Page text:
You dont have javascript enabled! Please enable it!
Archives

SOURCE: IANS

“Serious messages” will come out of Prime Minister Narendra Modi’s visit to Moscow next week and relations between the two countries will “blossom further”, Russia’s Permanent Representative Vassily Nebenzia said on Monday.

“We have relations of special privilege, strategic partnership with India, longtime friend of Russia,” he said speaking to reporters after his country assumed the presidency of the Security Council for this month. “There will be substantive conversations on the whole range of issues that our countries cooperate on” and “there will be serious messages coming out of it and I presume in the form of joint documents,” he added.

“I expect Russian-Indian relations to blossom even better,” he said.

The visit announced by Russian President Vladimir Putin’s foreign policy aide Yuri Ushakov is expected next Monday and has special significance as it will be Prime Minister Modi’s first foreign trip after his election for a third term.

There have been no high-level bilateral visits between the two countries since Russia invaded Ukraine in February 2022.

Prime Minister Modi last visited Russia in 2019 when he attended the fifth Eastern Economic Forum Summit in Vladivostok.

The last official visit to Moscow was in 2015.

Putin’s last visit to India was in 2021, but he skipped the G20 Summit presided over by Modi last year in New Delhi.

Meanwhile, PM Modi visited the US in 2021 and in 2023, when he was received by President Joe Biden during a state visit.

India has avoided a public denunciation of Russia’s invasion of Ukraine, but has subtly expressed its displeasure when PM Modi told Putin directly during a meeting in Uzbekistan in 2022, “I know that today’s era is not an era of war, and I have spoken to you on the phone about this.”

India has continued pushing for a diplomatic solution to end the Ukraine war and PM Modi has also been in contact with Ukrainian President Volodymyr Zelensky.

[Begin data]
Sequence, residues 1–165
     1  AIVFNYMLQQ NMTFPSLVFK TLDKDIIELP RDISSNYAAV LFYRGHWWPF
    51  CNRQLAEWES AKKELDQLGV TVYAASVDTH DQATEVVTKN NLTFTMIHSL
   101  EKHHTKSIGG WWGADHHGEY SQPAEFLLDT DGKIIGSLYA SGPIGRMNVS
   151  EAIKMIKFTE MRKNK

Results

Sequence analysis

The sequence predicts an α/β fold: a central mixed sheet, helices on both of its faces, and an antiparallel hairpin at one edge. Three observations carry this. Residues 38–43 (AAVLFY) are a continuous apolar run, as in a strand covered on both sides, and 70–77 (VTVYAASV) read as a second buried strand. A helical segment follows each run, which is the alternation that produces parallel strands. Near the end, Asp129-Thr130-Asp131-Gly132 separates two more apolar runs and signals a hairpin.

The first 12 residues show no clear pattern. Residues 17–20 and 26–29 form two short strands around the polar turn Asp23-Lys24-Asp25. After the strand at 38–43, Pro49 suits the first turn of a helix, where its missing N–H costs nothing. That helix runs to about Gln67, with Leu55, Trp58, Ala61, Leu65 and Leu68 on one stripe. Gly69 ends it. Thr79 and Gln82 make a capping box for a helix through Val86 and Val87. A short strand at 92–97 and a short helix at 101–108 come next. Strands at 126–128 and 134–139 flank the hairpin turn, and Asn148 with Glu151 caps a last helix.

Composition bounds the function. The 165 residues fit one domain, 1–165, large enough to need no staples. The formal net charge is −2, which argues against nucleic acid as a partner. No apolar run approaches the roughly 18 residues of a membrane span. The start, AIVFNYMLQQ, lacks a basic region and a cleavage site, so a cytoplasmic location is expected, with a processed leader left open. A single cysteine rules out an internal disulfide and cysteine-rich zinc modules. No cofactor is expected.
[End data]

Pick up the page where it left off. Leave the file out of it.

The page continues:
Defying the West, New Delhi has continued economic and defence ties with Moscow, particularly in energy.

Asked about former US President Donald Trump’s claim that he would be able to end the Ukraine war in 24 hours, Nebenzia said, “The Ukrainian crisis cannot be solved in one day.”

About the UN-sponsored talks with Afghanistan that began in Doha on Monday, he said it was “useful” but was sceptical of its outcome.

“Everybody wishes well to Afghanistan, but the roadmap how to do it is different from country to country and the devil is in the details,” he said.

The West prioritised human rights and “genuine rights” of women and girls in dealing with the Taliban regime, he added.

“We also are saying that, of course, the rights of women and girls in Afghanistan should be observed and that the government of Afghanistan should be inclusive, inclusive, not just by nationalities but by… the political spectrum that exists to represent the country fully,” he said.

But the “Taliban is de-facto authorities within Afghanistan and we’ve been saying consistently that you have to recognise this fact,” Nebenzia added.

“Deal with them as such, because whether you like it or not, this movement is running the country now,” he said.